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10th International Virology Summit

Vienna, Austria

Henry Memczak

Henry Memczak

Stanford University School of Medicine, USA

Title: Differentiation of Subtypes for Influenza Surveillance using a Peptide-Based Detection Platform

Biography

Biography: Henry Memczak

Abstract

The only cost-effective protection against influenza is vaccination. Due to rapid mutation continuously new subtypes appear, what requires annual reimmunization. For a correct vaccination recommendation, the circulating influenza strains have to be detected promptly and exactly and characterized regarding their antigenic properties. Due to recurring incidents of vaccine mismatches, there is a great need to speed up the process chain from identifying the right vaccine strains to their administration. The monitoring of subtypes as part of this process chain is carried out by national reference laboratories within the WHO Global Influenza Surveillance and Response System (GISRS). To this end, thousands of viruses from patient samples (e.g. throat smears) are isolated and analyzed each year. Currently this analysis involves complex and time-intensive (several weeks) animal experiments to produce specific hyperimmune sera in ferrets, which are necessary for the determination of the antigen profiles of circulating virus strains. These tests also bear difficulties in standardization and reproducibility, which restricts the significance of the results.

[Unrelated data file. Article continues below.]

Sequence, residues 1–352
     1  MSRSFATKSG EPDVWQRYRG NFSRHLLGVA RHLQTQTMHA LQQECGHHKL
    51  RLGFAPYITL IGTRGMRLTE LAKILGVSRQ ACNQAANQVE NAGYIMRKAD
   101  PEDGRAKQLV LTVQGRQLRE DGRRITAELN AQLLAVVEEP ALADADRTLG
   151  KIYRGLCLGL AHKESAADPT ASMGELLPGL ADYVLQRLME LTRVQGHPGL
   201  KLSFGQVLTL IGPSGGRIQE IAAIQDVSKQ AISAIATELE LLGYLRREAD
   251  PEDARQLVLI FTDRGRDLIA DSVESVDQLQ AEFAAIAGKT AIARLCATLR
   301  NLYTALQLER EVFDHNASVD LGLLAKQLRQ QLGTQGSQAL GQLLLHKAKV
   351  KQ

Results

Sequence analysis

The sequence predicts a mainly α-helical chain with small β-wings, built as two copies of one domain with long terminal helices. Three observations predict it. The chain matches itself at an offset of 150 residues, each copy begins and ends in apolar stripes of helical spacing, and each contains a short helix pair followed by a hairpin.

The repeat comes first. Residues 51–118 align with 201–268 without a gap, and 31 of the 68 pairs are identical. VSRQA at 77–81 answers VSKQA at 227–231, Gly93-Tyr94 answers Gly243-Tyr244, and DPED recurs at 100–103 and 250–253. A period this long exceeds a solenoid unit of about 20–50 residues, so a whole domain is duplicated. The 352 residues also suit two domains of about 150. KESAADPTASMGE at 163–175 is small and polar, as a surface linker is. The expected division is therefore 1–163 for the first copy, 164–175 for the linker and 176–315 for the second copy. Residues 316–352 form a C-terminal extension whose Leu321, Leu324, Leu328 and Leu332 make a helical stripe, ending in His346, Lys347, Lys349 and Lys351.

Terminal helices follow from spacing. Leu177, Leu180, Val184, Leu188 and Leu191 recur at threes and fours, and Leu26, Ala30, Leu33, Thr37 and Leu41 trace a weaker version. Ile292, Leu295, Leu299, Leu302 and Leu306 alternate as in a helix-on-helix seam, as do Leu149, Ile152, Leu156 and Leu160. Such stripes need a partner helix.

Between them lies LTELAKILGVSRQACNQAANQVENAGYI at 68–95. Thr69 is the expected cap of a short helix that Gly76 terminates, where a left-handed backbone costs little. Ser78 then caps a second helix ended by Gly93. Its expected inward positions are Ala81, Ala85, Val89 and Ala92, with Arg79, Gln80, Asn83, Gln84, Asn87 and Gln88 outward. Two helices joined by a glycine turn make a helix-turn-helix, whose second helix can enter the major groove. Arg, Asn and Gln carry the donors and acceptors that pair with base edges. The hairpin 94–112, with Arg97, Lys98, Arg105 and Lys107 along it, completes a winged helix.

To replace this test a peptide-based assay for influenza virus subtyping is developed. The differentiation of the viruses takes place by a set of specifically designed peptidic recognition molecules which interact differently with the different influenza virus subtypes. The differentiation of influenza subtypes is performed by pattern recognition guided by machine learning algorithms, without any animal experiments.